E-Gov and Public Sector Reform:
What roles for Government in e-Government?
Technology Policy Institute
College of Management
Ecole Polytechnique Fédérale Lausanne
BAC 103, Station 5
+41 21 693 00 01
questions about privatization, de- and re-regulation,
entrepreneurship and management in government, and others
more. These questions are of course still relevant, even though less debated these days. The question in this paper therefore is how e-government endeavors relate to public sector reform and its dynamics since the 1980s. Ultimately, this is the question of the roles government should play in e-government, which in turn
pertains to an overall e-government “e-policy”.
E-Government is often conceived as the next logical step after public sector reform. However, the implications of this step are not always acknowledged. In this paper, I will first recall, how exactly e-government follows the various public sector reform efforts. I will then identify what this exactly means in terms of government’s various roles, namely telecommunications
infrastructures, software solutions and platforms, and
e-government services. For each of these three roles, I will finally detail what exactly is expected from government from a liberal perspective. In conclusion, I will summarize the various roles of government in promoting e-government in terms of an overall
The paper is structured as follows: in a first section, I will recall the main elements of public sector reform, as they were discussed prior to the more recent e-government endeavors. I will take here deliberately a liberal look at governments’ roles, assuming that it is not at all obligatory that government is also in charge of its own e-government services. The paper will nevertheless argue that, in some crucial areas, the role of government is indeed needed so that e-government does function optimally. In order to develop my argument, and after having recalled public sector reform
policies and practices, I will then identify the various layers that are all necessary for e-government to function optimally, ranging from the hardware, to the software, and finally to the service layers. In a third section, I will determine what role exactly government should play in each of these layers. The concluding section will call for a broad e-policy, which encompasses all three layers and which limits governments role to these aspects which are essential for e-government to function in a liberal market perspective.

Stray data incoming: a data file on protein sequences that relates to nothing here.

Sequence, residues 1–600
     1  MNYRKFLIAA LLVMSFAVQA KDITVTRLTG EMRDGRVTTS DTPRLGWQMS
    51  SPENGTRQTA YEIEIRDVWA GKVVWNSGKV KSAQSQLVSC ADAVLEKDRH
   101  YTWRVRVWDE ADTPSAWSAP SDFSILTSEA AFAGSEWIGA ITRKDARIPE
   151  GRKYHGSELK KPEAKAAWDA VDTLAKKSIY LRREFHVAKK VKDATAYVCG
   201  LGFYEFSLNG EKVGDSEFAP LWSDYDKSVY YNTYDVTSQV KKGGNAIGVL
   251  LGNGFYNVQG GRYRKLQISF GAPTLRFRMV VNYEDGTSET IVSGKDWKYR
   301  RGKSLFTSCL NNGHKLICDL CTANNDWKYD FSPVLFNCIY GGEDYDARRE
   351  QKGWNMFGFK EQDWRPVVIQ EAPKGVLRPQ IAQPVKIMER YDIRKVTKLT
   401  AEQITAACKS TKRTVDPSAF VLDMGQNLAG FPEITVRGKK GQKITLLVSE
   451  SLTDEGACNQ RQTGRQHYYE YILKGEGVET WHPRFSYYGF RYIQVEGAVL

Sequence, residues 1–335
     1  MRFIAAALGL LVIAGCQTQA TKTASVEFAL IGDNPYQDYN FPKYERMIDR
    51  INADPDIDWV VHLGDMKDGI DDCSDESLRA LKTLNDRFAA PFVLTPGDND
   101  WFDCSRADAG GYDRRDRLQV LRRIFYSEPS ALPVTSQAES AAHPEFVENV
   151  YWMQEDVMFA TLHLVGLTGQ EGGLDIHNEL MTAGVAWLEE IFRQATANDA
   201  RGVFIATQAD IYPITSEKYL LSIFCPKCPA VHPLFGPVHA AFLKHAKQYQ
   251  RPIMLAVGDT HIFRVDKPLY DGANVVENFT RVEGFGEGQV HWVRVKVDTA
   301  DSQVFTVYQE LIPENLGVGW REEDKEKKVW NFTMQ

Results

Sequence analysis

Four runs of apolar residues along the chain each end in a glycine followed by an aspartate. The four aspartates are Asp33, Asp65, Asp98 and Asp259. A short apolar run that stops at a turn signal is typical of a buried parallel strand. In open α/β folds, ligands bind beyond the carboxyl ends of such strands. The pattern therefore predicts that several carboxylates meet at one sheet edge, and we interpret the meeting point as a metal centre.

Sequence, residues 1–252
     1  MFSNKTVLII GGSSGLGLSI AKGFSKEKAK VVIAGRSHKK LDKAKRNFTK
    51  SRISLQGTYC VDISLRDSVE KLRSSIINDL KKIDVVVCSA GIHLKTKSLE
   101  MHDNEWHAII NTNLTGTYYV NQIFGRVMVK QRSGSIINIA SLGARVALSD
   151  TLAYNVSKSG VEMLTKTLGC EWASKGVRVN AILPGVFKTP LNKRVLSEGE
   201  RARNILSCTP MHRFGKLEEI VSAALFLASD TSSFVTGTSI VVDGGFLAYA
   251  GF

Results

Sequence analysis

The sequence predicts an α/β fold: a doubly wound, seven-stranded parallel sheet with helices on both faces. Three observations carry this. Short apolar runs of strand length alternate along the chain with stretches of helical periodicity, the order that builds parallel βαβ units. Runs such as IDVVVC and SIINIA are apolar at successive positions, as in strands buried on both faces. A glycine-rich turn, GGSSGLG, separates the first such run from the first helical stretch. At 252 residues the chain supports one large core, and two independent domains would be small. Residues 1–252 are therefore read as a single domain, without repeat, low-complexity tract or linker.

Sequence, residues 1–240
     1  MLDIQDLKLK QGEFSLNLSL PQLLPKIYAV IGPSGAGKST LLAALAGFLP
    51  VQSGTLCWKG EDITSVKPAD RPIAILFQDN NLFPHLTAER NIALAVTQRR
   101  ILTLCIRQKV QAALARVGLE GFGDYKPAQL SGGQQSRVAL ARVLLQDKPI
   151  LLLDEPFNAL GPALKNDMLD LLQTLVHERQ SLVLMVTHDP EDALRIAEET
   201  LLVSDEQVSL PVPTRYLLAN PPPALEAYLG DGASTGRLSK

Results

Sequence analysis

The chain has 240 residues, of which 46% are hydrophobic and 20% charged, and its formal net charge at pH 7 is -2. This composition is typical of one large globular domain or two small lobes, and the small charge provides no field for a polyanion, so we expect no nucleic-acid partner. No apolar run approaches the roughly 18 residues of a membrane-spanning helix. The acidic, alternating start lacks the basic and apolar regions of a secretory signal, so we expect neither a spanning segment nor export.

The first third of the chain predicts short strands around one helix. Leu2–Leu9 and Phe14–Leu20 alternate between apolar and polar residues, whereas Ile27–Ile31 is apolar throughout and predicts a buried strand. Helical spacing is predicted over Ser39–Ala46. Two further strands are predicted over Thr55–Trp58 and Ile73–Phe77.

Categories and Subject Descriptors
K.4. [Computers and Society]; K.5. [Legal aspects of
Economics, Legal Aspects, Management, Theory
e-Government, e-Governance, e-Policy, Telecommunications
Policy, Public Sector Reform
2. FROM PUBLIC SECTOR REFORM TO
In this paper, I would like to discuss the roles of “government” in “e-government”. More precisely, I would like to respond to the question of the most appropriate roles of government in its egovernment endeavors. In order to do so, I place e-government endeavors within the broader context of public sector reform. Indeed, public sector reform efforts – which have started in the beginning of the 1980s -- have raised questions about the role of government in the economy and in society more generally, namely
Starting in the 1980s, a wave of public sector reform swept across the industrialized countries .1 The context of such reforms was globalization, which drew the governments’ attention to questions of competitiveness and thus efficiency, as well as to issues of legitimacy before their own citizens. As a result, one could observe the emergence of various public sector reform efforts, which can be distinguished, for purposes of simplification, along two ideological lines:
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